“Then,” said the young woman with tears welling up in her eyes, “I think I’ll go with you.”
     Picture this newly freed young woman living and perhaps even serving in Lincoln’s home, not because she must, but because she chooses, out of gratitude and for her own protection. In her world, there would always be one waiting to take her back to slavery. No, she would not stay free on her own and neither will we. Our culture and our own desires will lay the same trap for us, so if we want to stay free, we too will stay close under the protection of the One who grants our freedom! Galatians 5:1 says, “It is for freedom that Christ has set us free. Stand firm then and do not let yourselves be burdened again by a yoke of slavery.” God gives us freedom because He wants us to choose Him.
     God is after a relationship with you and me…not a list of rules. “Where the Spirit of the Lord is, there is freedom.” (2 Corinthians 3:17) Healthy relationships always reflect freedom rather than bondage. Freedom is our choice…because your heart matters
Blessings, Angie

     PUBLISHER’S NOTE: Heart Matters is a weekly column written by Angie Land, Director of the Family Life Ministries of the Lafayette Baptist Association, where she teaches bible studies, leads marriage and family conferences and offers biblical counseling to individuals, couples and families. Please contact Angie with questions or comments at She notes that she would love to hear from people.


Escaping The Vortex Of Death
By Guy Sheffield © June 27, 2017 at 1:17 p.m.
     A colorful swarm of relentless jet skis shredded the brown water, crinkling its surface like a cheap pair of scissors through dollar store gift paper. Beyond their banal buzzing loomed the laughter of children splashing about in the reluctant little waves that rolled lazily into the shallows. I'd gamely ventured out of the conditioned air myself, fueled by the acquisition of my new ski boat.
     My wife Angie hadn’t wanted to come, at least not until I mentioned my little brother Heath was bringing his new fiancé Mindy. Then she got on board. (No pun intended.) She said it'd be a good way to get to know our future sister in-law. Boy was she right.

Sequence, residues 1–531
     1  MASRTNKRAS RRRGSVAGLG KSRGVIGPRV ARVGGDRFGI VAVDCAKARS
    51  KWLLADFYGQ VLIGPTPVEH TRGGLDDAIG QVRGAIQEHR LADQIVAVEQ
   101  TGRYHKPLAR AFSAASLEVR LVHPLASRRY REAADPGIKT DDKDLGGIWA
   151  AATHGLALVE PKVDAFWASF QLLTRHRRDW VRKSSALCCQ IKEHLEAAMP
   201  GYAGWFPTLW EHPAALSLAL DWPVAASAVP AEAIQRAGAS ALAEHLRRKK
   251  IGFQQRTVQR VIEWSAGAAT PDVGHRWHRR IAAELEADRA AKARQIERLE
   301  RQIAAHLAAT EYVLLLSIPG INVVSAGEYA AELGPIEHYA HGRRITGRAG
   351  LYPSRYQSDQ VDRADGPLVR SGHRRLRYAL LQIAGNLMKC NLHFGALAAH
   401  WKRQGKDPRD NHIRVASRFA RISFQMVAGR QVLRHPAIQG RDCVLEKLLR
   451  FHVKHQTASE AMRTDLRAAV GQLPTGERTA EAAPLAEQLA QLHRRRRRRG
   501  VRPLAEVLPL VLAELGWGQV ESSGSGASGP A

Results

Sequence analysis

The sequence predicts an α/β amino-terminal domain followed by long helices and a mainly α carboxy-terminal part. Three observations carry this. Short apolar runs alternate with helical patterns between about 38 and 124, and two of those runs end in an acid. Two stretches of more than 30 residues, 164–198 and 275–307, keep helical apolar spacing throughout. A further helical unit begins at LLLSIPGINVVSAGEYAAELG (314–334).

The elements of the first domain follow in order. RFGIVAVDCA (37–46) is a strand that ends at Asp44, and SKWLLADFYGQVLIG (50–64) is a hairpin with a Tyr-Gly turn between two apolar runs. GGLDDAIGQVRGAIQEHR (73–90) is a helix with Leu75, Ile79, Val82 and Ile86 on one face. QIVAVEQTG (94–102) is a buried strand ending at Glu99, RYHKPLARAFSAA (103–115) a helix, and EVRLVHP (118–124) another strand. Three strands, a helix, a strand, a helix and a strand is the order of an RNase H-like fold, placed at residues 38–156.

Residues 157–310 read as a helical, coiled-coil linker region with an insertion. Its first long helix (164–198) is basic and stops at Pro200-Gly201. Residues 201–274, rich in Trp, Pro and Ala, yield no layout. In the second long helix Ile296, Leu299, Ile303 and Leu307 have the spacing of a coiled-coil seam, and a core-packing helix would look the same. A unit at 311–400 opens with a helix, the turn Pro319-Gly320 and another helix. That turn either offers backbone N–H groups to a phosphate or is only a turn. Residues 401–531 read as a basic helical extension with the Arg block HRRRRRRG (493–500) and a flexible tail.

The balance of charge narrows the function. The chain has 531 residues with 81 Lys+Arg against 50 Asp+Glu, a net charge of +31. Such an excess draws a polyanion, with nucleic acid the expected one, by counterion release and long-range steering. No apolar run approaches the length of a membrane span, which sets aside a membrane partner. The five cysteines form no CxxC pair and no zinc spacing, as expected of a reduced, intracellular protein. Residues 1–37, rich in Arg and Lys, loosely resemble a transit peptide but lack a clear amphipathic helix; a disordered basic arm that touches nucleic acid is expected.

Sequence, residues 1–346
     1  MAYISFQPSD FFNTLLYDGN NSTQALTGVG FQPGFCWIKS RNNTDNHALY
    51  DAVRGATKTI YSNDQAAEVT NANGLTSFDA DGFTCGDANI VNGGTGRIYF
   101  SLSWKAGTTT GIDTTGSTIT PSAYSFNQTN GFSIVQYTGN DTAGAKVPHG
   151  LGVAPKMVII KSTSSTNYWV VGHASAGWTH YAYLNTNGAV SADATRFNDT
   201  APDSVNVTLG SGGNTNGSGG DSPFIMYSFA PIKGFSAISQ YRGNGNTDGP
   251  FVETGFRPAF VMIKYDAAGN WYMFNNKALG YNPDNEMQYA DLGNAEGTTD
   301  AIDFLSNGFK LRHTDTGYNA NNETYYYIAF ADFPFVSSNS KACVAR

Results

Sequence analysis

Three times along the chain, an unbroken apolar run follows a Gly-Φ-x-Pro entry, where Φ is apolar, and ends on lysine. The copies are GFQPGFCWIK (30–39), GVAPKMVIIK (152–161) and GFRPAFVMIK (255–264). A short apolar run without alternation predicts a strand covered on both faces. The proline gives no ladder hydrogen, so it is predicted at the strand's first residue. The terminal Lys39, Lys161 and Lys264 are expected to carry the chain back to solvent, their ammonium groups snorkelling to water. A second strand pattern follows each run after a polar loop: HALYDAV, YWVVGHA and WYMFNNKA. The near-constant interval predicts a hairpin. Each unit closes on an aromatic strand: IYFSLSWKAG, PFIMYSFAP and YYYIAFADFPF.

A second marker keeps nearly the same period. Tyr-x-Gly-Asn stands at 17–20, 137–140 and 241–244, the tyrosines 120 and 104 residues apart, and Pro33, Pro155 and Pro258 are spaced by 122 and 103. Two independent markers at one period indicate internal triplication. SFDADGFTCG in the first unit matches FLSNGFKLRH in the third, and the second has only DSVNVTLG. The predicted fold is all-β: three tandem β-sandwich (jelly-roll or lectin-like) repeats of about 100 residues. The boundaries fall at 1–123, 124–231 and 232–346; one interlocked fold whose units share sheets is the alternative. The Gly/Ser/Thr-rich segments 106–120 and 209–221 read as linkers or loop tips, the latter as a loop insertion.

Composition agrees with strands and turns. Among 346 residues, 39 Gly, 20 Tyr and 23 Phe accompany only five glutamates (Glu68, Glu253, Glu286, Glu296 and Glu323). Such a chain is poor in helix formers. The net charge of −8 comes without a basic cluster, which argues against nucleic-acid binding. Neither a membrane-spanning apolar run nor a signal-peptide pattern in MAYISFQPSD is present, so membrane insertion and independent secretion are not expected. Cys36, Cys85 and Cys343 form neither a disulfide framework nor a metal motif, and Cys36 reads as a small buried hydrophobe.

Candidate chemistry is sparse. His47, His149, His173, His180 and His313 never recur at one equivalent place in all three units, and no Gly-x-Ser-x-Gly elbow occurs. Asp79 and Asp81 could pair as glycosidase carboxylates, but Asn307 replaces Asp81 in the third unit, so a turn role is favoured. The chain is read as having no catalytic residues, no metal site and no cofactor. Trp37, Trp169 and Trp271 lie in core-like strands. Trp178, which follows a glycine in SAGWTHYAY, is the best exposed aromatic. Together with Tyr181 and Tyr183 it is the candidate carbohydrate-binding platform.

Heath shoved us off, and I cranked that boisterous new150 horsepower Mercury outboard. Its roar instinctively caused me to shoot a cavalier wink to no one in particular, and slam down the throttle. We jumped out of the water faster than Shamu after a bucket of fried penguin. Soon we were skimming the surface so fast the only thing getting wet was the prop, and the host of Jet skiers skirting for cover. A crowd watched anxiously from the shore, probably hoping for that sudden gust of wind which would've sent us into a phenomenal display of aerial acrobatics. Right off Angie’s elbow found its way to my calloused ribs. Heath shot me a familiar scowl. Then I remember how they'd both asked me not to show myself as a complete jerk right off. I didn’t know why they wanted me to wait? In my defense, that Mindy girl had a frozen smile placarded across her face the whole time. It looked like she was enjoying herself to me. However, in an effort to be more amiable, I pulled to a stop, where I commenced barking orders about rigging up the ski rope and inner tube. I declared Heath would be the first volunteer to ride since he was strutting around like a banny rooster. I couldn’t take any more of his muscle flexing and courting rituals. The boat wasn’t big enough for another ego. I determined to give him a ride to remember.